Web special Fraunhofer magazine 3.2021
Raw materials are scarce. Time and again, shortages have forced companies to cut back on their production. The circular economy may be the solution − for far more than just the climate.
It takes around 25 kilograms of copper to produce a mid-range car with a combustion engine. Meanwhile, building an electronic vehicle may require as much as 80 kilograms or more. As demand increases, so do the costs. This summer, copper prices were 44 percent higher than at the start of 2020. Lithium was worse again, going up by 77 percent. Demand is growing − and so are the problems. Two thirds of German industrial companies are currently struggling with supply issues. According to a survey by the ifo Institute, the proportion of companies affected increased from 45 to 63.8 percent over April to July 2021 − the impact of the material shortage has hit the electronics and automo-tive industries particularly hard. Reusable materials are becoming an ever more valuable resource.
Now the German Mineral Resources Agency (DERA) has commissioned the Fraunhofer Institute for Systems and Innovation Research ISI and the Fraunhofer Institute for Reliability and Microintegration IZM to conduct its “Raw materials for emerging technologies” study for the third time. “Germany is particularly vulnerable as a high-tech hub, because it’s so dependent on imports of raw materials,” explains Fraunhofer IZM scientist Jana Rückschloss. “In the study, we are investigating how using new technology could change the demand for raw materials. What raw materials could become especially important on the one hand and especially scarce on the other?”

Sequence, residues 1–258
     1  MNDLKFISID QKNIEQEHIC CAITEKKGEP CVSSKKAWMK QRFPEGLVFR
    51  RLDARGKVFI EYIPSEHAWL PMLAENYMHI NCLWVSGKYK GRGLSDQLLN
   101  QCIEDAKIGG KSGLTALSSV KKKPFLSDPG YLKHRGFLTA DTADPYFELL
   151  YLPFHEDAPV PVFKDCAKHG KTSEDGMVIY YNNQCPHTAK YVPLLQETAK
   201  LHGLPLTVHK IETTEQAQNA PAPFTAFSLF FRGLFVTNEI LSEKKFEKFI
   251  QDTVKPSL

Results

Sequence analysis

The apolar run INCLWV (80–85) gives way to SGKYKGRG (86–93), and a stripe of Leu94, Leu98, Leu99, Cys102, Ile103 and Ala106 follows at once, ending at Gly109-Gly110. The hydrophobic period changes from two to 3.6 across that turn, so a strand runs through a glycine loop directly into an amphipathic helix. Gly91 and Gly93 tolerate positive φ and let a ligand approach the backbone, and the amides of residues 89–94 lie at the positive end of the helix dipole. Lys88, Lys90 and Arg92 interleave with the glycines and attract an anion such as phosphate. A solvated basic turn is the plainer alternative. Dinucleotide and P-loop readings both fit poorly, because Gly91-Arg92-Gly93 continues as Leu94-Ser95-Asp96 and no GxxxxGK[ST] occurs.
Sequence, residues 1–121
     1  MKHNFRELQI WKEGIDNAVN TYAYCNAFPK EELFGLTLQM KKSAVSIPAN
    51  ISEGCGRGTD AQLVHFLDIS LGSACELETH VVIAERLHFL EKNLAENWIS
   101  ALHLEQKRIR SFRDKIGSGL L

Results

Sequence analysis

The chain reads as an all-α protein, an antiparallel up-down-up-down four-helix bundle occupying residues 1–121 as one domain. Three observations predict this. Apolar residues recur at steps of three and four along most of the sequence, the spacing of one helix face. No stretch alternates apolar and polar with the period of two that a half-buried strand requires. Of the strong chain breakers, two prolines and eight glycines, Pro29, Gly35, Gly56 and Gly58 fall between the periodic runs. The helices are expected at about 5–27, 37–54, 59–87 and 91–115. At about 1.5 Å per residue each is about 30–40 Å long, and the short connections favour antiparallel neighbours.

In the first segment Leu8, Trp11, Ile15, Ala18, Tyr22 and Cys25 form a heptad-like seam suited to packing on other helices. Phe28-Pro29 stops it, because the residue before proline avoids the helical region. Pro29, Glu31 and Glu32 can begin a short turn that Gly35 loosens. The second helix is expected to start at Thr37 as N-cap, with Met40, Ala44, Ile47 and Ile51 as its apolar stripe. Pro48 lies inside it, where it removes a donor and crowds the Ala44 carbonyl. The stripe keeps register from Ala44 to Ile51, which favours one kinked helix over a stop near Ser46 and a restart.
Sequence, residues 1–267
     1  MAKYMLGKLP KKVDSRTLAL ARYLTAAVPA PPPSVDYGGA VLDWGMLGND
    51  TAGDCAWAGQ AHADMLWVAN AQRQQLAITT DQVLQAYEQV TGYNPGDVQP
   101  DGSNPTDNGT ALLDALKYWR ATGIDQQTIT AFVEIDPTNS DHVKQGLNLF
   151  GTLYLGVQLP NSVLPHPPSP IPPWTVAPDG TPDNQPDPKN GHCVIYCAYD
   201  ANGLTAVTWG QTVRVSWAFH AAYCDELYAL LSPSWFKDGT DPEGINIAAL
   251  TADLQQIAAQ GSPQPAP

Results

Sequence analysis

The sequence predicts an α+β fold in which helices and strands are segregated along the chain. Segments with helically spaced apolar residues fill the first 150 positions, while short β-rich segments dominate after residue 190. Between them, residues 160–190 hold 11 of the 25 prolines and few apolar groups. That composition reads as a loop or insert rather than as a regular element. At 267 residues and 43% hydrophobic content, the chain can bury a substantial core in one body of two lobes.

Rückschloss concentrated on data centers, one of the 33 technologies selected for the study due to their broad relevance for the market as a whole, with a particular focus on storage media like solid-state drives (SSDs), hard disk drives (HDDs) and magnetic tapes. “Platinum and ruthenium supplies in particular could become critical in the future. In 2018, world production of ruthenium amounted to 33 tons. However, in the worst-case scenario, we will use 592 tons in 2040, and that’s just for the hard disk drives − it doesn’t cover the demand from other technologies. Even in the most sustainable scenario, we would still need 33 tons,” says the researcher in a brief summary of her results. When the remaining 32 technologies examined in the study are taken into account, demand is predicted to increase for ruthenium, scandium, dysprosium, terbium, lithium, iridium, platinum and cobalt.